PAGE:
Monte d’Accoddi

Monte d’Accoddi

The Prenuragic sanctuary of Monte d'Accoddi is among the most important architectural demonstrations of the Mediterranean prehistory. The previous studies have defined the monument like an altar, a ziggurat, a temple or a step pyramid. Perhaps this site represents as fully the Sardinian Prehistory, both because it was continuously frequented by medium Neolithic to Early Bronze Age, and then it contains the most significant elements of tradition and innovation during the passage since Neolithic to Eneolithic. These factors are evident in architecture, in cultural aspects and in the handicraft production. A full debate has been generate about the hypothetical genetic relationship, the reconstructive hypothesis and the meaning. This project does not analyse the previous topics, but it draws attention about other problems that are controversial like chronology or aspects that are not deeply studied like craft production. 
With this in mind finds recovered from many years of excavation conducted by Ercole Contu in the 1950's are being examined. The first studies not only showed the most important architectural aspects of the monument, but they have also underlined the frequentation of the site from the Neolithic to the early Bronze Age. 
New radiocarbon dating resulting from sites in the south of Sardinia and recent data that has been published about craft production relating to the shrine, allow us to date the building of the first monument (4000-3650 cal. BC) to the Ozieri facies, with the second shrine dated the Sub Ozieri (3500-3000 cal. BC) facies. The analysis of craft production and chronological data demonstrate a constant evolution without sudden changes. This evolution is linked to a slow transformation of the socioeconomic organisation. The preliminary results of the study of the finds shows that they were implemented in domestic and ritual activities, related to the use of ochre, to spinning and weaving, to agriculture and metallurgy. The menhir, the stelae and the marble statuettes all recall aspects of the symbolic characteristics of Sardinian Neolithic and Eneolithic traditions. 



Late Neolithic. San Ciriaco. Settlement 
After an initial moment of confusion, originating in the still somewhat unclear cultural reference points of San Ciriaco, today it is possible to retrace a reasonable quantity of ceramic finds to this period. These were found in various areas around the monument, mostly in the lower deposits (7 and 8), but also in the middle layers (4 and 5) of Contu's excavations. Many finds were recovered roughly 200 m to the east of the monument in the "ETFAS" trial trench.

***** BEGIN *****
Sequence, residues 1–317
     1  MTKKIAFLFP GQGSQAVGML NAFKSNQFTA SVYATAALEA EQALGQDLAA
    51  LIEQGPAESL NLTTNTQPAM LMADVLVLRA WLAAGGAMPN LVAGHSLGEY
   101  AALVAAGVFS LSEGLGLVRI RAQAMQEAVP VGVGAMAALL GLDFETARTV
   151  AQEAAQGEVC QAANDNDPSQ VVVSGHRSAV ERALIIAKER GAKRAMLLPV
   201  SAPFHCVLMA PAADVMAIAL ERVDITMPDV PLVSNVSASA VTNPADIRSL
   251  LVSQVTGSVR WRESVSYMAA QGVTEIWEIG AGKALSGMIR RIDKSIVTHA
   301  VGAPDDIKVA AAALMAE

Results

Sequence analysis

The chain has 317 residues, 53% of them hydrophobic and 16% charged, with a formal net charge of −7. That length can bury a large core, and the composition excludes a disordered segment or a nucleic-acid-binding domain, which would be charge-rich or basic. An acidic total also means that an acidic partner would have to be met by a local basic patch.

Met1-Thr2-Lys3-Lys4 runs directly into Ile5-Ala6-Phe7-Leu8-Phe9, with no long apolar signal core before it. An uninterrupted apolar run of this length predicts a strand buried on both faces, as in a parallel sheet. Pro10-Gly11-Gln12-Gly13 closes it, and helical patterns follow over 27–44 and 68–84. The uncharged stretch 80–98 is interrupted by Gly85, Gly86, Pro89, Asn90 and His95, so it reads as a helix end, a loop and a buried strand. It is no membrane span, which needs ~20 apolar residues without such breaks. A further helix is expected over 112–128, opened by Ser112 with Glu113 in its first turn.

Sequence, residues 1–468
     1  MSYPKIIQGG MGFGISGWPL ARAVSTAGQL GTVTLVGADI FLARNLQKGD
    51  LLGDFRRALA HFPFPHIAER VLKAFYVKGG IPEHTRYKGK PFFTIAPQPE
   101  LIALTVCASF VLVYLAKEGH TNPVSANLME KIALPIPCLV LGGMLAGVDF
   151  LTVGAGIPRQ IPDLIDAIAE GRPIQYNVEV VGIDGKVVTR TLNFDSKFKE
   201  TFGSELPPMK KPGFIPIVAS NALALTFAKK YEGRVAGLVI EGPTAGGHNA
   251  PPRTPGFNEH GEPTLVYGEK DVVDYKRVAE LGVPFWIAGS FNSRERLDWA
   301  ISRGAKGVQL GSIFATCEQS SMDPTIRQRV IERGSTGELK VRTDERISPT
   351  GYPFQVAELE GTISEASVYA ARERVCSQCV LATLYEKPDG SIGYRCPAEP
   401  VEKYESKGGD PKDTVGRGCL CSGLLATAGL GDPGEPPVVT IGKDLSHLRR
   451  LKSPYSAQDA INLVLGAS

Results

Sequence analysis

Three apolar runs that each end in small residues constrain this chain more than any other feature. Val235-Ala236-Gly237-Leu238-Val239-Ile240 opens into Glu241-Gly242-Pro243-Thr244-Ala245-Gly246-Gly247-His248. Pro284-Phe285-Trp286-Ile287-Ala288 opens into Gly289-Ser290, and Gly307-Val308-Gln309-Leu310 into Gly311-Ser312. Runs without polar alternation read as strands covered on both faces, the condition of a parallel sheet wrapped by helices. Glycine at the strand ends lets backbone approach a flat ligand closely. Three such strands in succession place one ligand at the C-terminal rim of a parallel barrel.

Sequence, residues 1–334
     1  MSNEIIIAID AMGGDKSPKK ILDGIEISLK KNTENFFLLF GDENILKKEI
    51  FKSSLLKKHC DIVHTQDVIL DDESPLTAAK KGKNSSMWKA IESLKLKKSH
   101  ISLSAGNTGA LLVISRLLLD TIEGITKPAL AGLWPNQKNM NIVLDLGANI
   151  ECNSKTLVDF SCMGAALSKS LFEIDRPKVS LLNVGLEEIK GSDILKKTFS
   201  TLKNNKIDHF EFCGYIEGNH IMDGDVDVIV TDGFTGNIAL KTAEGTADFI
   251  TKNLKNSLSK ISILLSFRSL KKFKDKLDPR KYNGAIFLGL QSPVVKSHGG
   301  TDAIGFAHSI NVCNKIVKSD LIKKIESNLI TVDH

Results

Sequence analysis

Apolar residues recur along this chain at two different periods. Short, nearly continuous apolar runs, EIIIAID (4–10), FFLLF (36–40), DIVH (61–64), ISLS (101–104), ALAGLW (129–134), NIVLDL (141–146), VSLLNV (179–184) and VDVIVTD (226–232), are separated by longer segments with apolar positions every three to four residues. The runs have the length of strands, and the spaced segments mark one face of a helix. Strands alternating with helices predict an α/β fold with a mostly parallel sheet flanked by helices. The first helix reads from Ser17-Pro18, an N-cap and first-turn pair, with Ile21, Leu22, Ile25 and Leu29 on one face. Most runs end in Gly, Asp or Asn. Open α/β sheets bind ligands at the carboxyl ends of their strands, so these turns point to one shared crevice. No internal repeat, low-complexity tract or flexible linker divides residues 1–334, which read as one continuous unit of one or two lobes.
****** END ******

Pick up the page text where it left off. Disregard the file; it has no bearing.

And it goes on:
Final Neolithic. Ozieri. Settlement. The first phase of the ramped monument 
At Monte d'Accoddi the Ozieri ceramic finds seem to be particularly abundant, partly because they are easily recognised among small fragments, thanks to their distinctive decoration. The discovery of pottery from that facies in the building and frequentation layers of Monument I is to be considered a terminus ad quem, which dates the monument in its earliest phase.

Early Eneolithic. Sub-Ozieri. Settlement. The second phase of the ramped monument
The discovery of pottery from that facies in the building and frequentation layers of Monument II is to be considered a terminus ad quem, which dates the monument in its second phase. 
The older monument was enclosed by a larger building, built of polygonal masonry. 

Medium Eneolithic. Filigosa. Settlement. 
During the middle phase of the Eneolithic (first half of the III millennium BC) there is evidence of frequentation of the shrine, demonstrated by the presence of pottery from that period.

Medium and late Eneolithic. Abealzu, Monte Claro. Settlement. 
During the Abealzu phase the village developed to the east of the monument, and included the so-called "hut of the sorcerer", which contains the only sealed context attributable to the Abealzu. The presence of a hut placed at the base of the ramp suggests that access to the upper part of the building was controlled and limited in this period. In the same period there is also the sporadic appearance of elements belonging to the Monte Claro facies.

Final Eneolithic and Early Bronze Age. Bell-Beaker, Bonnanaro. 
During the final phases of the Eneolithic the shrine was occasionally visited by Bell-Beaker bearing groups or individuals. Finally, during the Early Bronze Age the burial of a young male replete with grave goods took place: the skull of the young man was placed inside a tripod with handles alongside a spherical bowl.


  • CAPPAI R., MANCA L., MELIS M.G., PIRAS S. , The beginning of metallurgic production and the socioeconomic transformations of the Sardinian Eneolithic , in Cristiani E., Conati-Barbaro C. and Lemorini C. (eds.), Social, Economic and Symbolic Perspectives at the Dawn of Metal Production , BAR Int. Ser. , 2012
  • MELIS M.G. , L'età del Rame in Sardegna: origine ed evoluzione degli aspetti autoctoni , Villanova Monteleone , Soter , 2000
  • MELIS M.G. , Monte d’Accoddi e l’Eneolitico sardo , in Atti della XLIII Riunione Scientifica dell’istituto Italiano di Preistoria e Protostoria, L’età del Rame in Italia, Bologna, 26 -29 novembre 2008 , Firenze , Istituto Italiano di Preistoria e Protostoria , 2011 , pp. 357-362
  • MELIS M.G. , Monte d’Accoddi and the end of the Neolithic in Sardinia (Italy) , in Documenta Praehistorica XXXVIII , 2011 , pp. 207-219
  • MELIS M.G. , Das prähistorische Heiligtum von Monte d’Accoddi (Provinz Sassari, Italien) , in 3300 BC. Mysteriöse Steinzeittote und ihre Welt., Mainz:Harald Meller , 2013 , pp. 178-180